Bringing Rain with Bourbadig

Նուրին Նուրին էկել է

Շալէ շապիկ հագել է,

Կարմիր գօտիկ կապել է.

Մեր Նուրինին փայ տվէք,

Տաշտերով ալուր բերէք,

Մաղերով ջուր բերէք,

Մեր Նուրինին կշտացրէք,

Ուտենք-խմենք, քեֆ անենք:


Nourin Nourin has come

Wearing a shirt and scarf

Red belt tied on

Give our Nourin her share

Bring her flour

Bring her water

Feed our Nourin

Eat, drink, and let’s have fun!



Made from a broom of twigs, the handmade doll called Nourin was in the hands of the village children as they sang such songs and walked from street to street, gathering ingredients to make gatnajash (today known as gatnabour or rice and milk pudding) and enjoy their day. The women of the village would give the eggs, flour, etc., and follow up by pouring water over the heads of the children.

At one point, this doll personified the rain-bringing goddess of water. The doll was made in the summers when droughts were common, in order to entice the rains to water their fields. Today, the doll still exists as part of Vartivar, even though the origins of this celebration can be tracked to the goddess Astghik. Churches give out wheat during Vartevar in order to keep the fields free of disasters. In order days, this would also be accompanied with dance, song and games to bring down the rain.

Nourin was a goddess who represented a strong matriarchy, but often also took on the image of a man. The spirit bore many names, including Khourtsgululu, Houchgululu, Mama-Chttig, Chichi-Mama, Chamcha-Khatun, Boubladig, Bourbadig, etc. Today, boubrig is the Armenian name for doll, coming from its olden name Bourbadig. Some of these names could have been derivations of colloquial words meaning beautiful. In Kghi, she was kalled Boubladigin; in Van, she was Khuntsgululu and Khourtsgululu; she was Nourin, Khushgururig or Khuchgururig in Shirak and Bayazet; in Aparan, she was Houchgururu, while in Arabkir` Mama-Chttig; in Garin, Agnoum and Armashum, she was Chichi-Mama, while in Akhalkalak he was Bourbadig. Whereas Eastern Armenians called her Nourin, he was Bourbadig or as a female form using the other names for the Western regions.

Nourin has also morphed over time into Nouri and Nari, then Nar or Nay. Today, many Armenian songs include “Nay-Nay” or “Hoy Nar” which may seem like jibberish to the modern individual but are actually words passed down over the centuries which were used to describe one god or another, while asking for a blessing.


(Սամվել Մկրտչյան. <<Տոներ: Հայկական ժողովրդական ծեսեր, սովորույթներ, հավատալիքներ (ավանդույթ և արդիականություն))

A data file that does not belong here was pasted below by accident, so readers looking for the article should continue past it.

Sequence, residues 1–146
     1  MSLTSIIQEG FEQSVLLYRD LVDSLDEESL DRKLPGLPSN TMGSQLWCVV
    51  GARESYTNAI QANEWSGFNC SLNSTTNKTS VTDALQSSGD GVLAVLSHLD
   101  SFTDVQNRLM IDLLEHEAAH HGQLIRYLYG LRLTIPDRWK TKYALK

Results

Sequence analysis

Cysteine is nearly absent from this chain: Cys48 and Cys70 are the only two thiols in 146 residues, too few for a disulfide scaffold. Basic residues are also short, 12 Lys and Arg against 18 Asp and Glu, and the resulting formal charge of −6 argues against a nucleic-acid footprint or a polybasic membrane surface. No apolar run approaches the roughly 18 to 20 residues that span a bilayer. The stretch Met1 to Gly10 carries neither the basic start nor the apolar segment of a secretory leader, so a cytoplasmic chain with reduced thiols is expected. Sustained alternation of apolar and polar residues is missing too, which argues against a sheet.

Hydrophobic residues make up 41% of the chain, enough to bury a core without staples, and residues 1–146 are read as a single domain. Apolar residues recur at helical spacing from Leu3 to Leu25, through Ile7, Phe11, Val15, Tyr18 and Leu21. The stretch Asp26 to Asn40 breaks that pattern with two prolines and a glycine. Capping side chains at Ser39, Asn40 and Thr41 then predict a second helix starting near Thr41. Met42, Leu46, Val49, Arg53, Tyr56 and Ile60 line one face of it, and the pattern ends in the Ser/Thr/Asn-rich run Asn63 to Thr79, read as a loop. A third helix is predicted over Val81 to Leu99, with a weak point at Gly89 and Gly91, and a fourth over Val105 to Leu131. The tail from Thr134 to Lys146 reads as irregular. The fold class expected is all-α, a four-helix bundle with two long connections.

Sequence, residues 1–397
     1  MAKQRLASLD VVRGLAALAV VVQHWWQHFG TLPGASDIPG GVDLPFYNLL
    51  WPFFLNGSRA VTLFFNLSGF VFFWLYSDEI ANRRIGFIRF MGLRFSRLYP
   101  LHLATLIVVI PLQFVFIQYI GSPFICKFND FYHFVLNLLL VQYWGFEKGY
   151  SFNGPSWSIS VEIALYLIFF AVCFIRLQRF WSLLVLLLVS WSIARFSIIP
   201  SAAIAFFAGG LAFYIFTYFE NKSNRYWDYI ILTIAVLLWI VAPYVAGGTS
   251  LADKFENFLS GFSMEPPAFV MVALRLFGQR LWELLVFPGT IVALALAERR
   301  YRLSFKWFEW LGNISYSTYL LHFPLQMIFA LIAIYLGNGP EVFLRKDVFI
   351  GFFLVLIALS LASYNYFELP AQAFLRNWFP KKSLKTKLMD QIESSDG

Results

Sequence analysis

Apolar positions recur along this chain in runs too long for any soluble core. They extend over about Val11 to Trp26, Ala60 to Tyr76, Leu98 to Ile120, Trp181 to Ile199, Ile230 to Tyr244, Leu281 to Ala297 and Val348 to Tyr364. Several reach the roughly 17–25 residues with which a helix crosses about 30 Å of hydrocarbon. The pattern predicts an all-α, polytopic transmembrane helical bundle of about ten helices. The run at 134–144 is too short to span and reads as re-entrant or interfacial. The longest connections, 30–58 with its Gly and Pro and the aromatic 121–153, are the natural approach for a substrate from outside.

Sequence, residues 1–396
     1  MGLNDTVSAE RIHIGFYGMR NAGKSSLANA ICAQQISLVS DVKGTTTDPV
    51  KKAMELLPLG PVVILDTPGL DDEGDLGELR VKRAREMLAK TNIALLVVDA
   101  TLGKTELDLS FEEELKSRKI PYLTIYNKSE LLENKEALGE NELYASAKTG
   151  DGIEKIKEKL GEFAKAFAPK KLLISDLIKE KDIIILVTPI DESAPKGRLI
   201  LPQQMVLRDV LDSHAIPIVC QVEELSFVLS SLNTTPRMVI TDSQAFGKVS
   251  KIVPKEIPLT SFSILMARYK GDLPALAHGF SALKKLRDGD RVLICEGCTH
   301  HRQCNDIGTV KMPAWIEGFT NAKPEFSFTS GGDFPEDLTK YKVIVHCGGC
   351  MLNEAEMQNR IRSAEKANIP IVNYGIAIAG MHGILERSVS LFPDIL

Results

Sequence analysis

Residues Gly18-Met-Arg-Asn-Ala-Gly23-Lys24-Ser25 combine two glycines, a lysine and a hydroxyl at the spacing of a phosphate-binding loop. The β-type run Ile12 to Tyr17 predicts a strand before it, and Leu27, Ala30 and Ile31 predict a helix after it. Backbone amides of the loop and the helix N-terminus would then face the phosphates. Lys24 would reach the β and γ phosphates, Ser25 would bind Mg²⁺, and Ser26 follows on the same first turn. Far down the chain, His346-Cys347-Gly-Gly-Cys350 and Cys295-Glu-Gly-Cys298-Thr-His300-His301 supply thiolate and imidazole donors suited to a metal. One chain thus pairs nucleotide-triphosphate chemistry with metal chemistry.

Crypt of San Minato al Monte – Florence

Originally posted on PeopleOfAr:

Crypt of San Minato al Monte - Florence

Crypt of San Minato al Monte – Florence

Saint Minias or Minas (Armenian: Մինաս) was an Armenian prince serving in the Roman army under Emperor Decius. He was denounced as a Christian after becoming a hermit and was brought before the Emperor who was camped outside the gates of Florence in 250 AD. The Emperor Decius was persecuting Christians at the time. Miniato refused to sacrifice to the Roman gods, and was put through numerous torments - he was thrown into a furnace, was lapidated, and was thrown to a panther at an amphitheater – from which he emerged unharmed after the panther refused to devour him. He was finally beheaded in the presence of the Emperor, but his legend states that he picked up his head, crossed the Arno and walked up the hill of Mons Fiorentinus to his hermitage. A shrine was later erected at this spot. The church of San Miniato al Monte…

View original 161 more words

Wine’s ancient Armenian roots by Dr. Caroline Gilby

Originally posted on PeopleOfAr:

Wine expert Dr Caroline Gilby MW (Master of Wine) has written an interesting article about the ancient origins of wine. Bellow screenshot of the page followed by the transcript of the article.


Wine’s ancient Armenian roots

By Dr Caroline Gilby MW

Several countries vie for the title of ‘birthplace of wine’, but new evidence suggests that Armenia is the winner. And now a new producer aims to bring modern winemaking to the country.

Armenia is a small landlocked former Soviet republic, sandwiched between Georgia, Turkey, Iran and Azerbaijan, and yet with its own unique language and culture. Its population is just three million people, though worldwide an estimated eight million people claim Armenian descent. It’s not exactly well known as a wine country but recent developments should put Armenia squarely back on the world wine map.

Wine origins
In recent years, Turkey and Georgia have fought for pride of place as…

View original 813 more words

The Song Of The Stork

Originally posted on PeopleOfAr:

The Stork is traditionally considered a sacred animal in Armenian legends and mythology. The stork “Aragil”  was in ancient Armenian mythology considered as the messenger of Ara the Beautiful, as well as the defender of fields. According to ancient mythological conceptions, two stork symbolize the sun. Storks are found in abundance on Armenia Highlands, of particular importance are the wetlands of the Ararat valley. Even today Armenia is a proud residence for a sizable population. They are seldom persecuted and often nest close to people, on anything from telegraph poles to roofs. A stork nest on your house is seen as a sign of good luck. As such the stork has often been a source of inspiration from the times immemorial, revered in ancient folk tales, legends, mythology and folk songs. The Song of the Stork is a medieval Armenian folk song translated into English by Zabelle C. Boyajian in her book “Armenian Legends and Poems” (1916). Click…

View original 5 more words